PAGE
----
farm chemicals in the watershed. The priority BMPs will address livestock access to the stream, gully erosion
adjacent to the stream, restoring functioning riparian zones, and reducing upland gully erosion and upland sheet
and rill erosion in targeted areas of the watershed.

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BMPs needed to address the priority issues in the watershed have been identified based on landowner interest,
assistance from other programs, and potential to decrease the delivery of sediment and associated pollutants to
Upper Whitebreast Creek. The principal BMPs selected include:

      Grazing management systems which may include:
           o Fencing
           o Livestock exclusion
           o Managed grazing (rotational grazing)
           o Livestock watering facilities
           o Stream crossings
           o Restoration of riparian zones
      Gully stabilization measures for both upland gullies and those immediately adjacent to the stream
       (which may facilitate fencing for grazing management):
           o Grade stabilization structures
           o Water and sediment control structures
           o Fencing
      In-stream grade control (knick points):
           o Stone weir and riffle structures (may be installed in conjunction with livestock crossing and
               watering access)
           o Sheet piling in channel structures
      Winter feeding stations for livestock feeding during winter months
      Riparian zones:
           o Filter strips
           o Riparian forest buffers
      Bank stabilization:
           o Filter strips
           o Riparian forest buffers
           o Bank grading, sloping, and establishing to permanent vegetation
           o Managed grazing
      Upland sheet and rill erosion control:
           o Terraces
           o Grassed waterways
      Urban issues:
           o To be determined after discussion with city officials and addressed in future water quality plans

   IV.      PROJECT RESULTS
Project Accomplishments

The goals of the Upper Whitebreast Creek Water Quality Project have been met with a few exceptions. Over 15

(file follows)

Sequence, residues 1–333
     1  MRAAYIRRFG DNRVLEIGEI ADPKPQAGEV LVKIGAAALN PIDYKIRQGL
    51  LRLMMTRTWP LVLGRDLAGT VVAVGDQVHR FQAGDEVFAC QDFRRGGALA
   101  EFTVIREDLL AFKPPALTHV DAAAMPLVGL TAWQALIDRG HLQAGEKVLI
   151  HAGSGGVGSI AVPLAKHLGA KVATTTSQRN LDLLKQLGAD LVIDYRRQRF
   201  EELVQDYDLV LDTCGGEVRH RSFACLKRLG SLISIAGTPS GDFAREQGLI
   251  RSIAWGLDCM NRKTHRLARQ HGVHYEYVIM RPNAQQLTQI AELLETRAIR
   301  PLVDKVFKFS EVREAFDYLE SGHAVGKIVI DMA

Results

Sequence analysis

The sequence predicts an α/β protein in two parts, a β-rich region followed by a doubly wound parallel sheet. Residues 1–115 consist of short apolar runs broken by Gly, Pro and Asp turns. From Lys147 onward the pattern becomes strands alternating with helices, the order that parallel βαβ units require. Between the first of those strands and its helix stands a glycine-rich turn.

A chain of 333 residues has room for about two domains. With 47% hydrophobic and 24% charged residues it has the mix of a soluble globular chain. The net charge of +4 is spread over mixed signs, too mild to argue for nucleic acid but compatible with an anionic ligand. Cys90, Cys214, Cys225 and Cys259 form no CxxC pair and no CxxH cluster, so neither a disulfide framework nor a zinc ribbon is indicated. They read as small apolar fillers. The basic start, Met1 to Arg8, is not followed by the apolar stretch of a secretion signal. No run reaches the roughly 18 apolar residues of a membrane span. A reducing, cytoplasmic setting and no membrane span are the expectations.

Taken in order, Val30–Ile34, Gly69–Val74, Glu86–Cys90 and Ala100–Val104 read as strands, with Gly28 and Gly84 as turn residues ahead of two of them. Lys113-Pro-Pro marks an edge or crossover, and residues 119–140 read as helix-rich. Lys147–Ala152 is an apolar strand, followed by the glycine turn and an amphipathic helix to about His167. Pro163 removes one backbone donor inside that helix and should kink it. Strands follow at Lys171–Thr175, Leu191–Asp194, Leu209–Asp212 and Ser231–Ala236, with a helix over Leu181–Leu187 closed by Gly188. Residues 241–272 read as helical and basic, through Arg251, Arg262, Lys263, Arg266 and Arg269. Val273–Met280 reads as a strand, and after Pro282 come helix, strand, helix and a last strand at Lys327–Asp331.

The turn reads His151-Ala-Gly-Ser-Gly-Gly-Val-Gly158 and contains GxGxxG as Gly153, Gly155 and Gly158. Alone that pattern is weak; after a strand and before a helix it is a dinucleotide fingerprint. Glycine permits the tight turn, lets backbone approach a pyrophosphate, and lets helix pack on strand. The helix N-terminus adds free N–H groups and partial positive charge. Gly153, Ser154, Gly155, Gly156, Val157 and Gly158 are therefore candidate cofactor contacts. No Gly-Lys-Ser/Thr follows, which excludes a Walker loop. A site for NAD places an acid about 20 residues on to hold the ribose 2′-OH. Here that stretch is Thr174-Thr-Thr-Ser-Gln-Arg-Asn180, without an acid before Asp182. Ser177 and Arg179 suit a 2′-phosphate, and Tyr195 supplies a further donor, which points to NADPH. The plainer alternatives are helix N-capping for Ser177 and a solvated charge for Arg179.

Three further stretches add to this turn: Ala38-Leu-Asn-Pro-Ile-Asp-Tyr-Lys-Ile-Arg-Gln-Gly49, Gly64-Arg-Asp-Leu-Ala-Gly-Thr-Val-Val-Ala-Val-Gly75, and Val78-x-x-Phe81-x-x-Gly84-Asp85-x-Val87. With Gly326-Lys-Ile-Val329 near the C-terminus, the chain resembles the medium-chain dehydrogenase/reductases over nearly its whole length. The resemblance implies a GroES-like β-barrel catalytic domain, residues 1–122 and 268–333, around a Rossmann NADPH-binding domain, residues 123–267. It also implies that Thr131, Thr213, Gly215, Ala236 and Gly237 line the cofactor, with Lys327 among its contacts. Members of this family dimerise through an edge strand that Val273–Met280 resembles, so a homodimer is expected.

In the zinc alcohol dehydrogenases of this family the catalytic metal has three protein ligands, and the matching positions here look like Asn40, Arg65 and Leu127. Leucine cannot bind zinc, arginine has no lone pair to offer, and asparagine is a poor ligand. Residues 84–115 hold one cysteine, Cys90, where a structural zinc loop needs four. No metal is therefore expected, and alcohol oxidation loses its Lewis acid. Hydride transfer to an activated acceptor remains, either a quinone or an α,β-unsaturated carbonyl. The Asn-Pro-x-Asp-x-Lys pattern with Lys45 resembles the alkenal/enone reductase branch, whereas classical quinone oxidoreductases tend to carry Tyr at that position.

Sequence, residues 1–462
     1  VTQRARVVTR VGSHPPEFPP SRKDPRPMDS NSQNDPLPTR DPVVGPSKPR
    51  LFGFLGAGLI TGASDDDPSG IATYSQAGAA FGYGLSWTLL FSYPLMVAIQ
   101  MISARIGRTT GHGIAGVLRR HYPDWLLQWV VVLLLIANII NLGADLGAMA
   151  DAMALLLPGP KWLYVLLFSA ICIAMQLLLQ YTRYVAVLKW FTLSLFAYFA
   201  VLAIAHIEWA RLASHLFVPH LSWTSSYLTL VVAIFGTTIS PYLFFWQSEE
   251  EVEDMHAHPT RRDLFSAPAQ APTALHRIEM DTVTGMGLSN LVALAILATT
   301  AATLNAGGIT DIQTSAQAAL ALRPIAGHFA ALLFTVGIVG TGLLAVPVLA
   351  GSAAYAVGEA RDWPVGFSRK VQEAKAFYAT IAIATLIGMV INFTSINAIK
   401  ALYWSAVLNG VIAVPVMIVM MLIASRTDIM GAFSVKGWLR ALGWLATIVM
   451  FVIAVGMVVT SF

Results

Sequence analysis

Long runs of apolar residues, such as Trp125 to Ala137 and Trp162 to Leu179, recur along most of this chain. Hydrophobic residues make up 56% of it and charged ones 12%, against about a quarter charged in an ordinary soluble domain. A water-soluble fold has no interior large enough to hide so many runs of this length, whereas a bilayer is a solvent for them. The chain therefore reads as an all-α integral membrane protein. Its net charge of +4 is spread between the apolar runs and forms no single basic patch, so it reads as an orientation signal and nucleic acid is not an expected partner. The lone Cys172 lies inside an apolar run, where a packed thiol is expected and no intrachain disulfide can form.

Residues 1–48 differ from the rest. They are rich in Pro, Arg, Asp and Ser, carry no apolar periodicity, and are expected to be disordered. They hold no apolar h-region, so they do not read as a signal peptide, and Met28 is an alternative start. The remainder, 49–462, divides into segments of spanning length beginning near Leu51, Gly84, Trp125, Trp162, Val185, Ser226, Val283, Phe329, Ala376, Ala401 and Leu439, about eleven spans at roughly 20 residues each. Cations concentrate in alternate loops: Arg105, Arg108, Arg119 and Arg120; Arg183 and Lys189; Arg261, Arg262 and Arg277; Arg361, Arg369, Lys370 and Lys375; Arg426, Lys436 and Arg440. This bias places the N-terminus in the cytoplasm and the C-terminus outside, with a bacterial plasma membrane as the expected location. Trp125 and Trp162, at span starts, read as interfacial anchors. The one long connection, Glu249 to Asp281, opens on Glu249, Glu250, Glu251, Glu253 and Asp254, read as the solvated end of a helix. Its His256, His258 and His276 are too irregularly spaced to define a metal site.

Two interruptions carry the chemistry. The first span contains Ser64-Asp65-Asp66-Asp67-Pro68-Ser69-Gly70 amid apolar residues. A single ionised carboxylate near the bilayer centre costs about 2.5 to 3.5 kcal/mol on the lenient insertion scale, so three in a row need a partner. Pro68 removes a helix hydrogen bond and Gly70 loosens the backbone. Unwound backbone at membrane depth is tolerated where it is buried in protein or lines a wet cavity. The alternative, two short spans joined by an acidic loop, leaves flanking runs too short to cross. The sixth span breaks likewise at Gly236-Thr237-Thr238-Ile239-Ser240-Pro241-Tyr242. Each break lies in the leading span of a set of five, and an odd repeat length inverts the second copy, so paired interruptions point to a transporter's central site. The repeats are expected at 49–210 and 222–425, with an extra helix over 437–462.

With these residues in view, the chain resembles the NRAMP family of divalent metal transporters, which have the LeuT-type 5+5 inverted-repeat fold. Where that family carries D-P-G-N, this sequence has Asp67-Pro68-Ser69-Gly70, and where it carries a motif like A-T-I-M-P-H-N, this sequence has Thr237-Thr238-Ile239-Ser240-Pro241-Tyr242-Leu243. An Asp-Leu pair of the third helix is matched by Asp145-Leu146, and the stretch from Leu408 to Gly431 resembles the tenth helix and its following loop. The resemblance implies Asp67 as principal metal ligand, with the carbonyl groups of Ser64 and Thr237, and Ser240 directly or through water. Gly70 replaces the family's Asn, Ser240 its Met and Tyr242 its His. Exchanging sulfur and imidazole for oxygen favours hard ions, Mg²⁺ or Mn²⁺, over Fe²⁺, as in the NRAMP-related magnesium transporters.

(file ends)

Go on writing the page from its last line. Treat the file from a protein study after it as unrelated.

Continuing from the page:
different best management practices were implemented by the project to treat 7,111 acres and reduce sediment
delivery to the creek by 12,456 tons per year. These best management practices will reduce sediment, nutrient,
and chemical loading, improve water quality, and reduce erosion.

One goal was to install grade stabilization structures, water and sediment control basins, and grassed waterways
for gully control at 50 locations. Forty six grade stabilization structures, 14 water and sediment control basins,
and 14,745 feet of grassed waterways have been constructed to control gullies at well over 50 locations.

Another goal was to install upland treatment measures on 125 acres of upland crop land that is currently
delivering sediment at greater than 1 ton/acre/year. Over 500 acres of uplands have been treated with the
                                                        8
construction of 43,411 feet of terraces and 14,745 feet of grassed waterways. Most of this land had been
delivering sediment at greater than one ton/acre/year.

Three miles of stream channel were to be treated to improve riparian areas and reduce stream bank erosion by
installing riparian forest buffers, filter strips, and bank shaping and revegetation. This goal was accomplished
by utilizing the Conservation Reserve Program (CRP) to restore 378 acres of wetlands, install 10 acres of filter
strips, and plant 19 acres of native vegetation. These CRP lands improve riparian areas and reduce stream bank
erosion along 4.2 miles of stream channel and 2 miles of tributaries.

Grazing management systems were to be implemented on 1,000 acres adjacent to the creek. This goal was
accomplished by implementing grazing management on 1,931 acres with 390 acres on the main channel and
1,541 acres on tributaries.

Another goal was to develop a strategy to work with towns to reduce urban runoff. A letter was sent to the
mayor of Osceola telling him about the project and asking him to contact the project coordinator if the city
would like any assistance with storm water management. No response was received even though the mayor had
recently attended a local resource concern meeting in which a presentation was given by the project coordinator.
A rain barrel workshop was scheduled for June 2009 but no one attended. On a positive note, an Osceola
homeowner installed a rain garden utilizing the state’s low interest loan program. This rain garden could be
used in the future as a demonstration site for storm water management.

Lastly, a goal was to install five in-stream grade control structures for control of in-stream knick points. One of
the worst knick points threatened a road bridge and was planned on being treated in combination with a
previously planned EQIP stream crossing. Unfortunately, the project coordinator could not locate this or any
other knick point. It may be possible that high stream flows from the last few years of heavy rain could have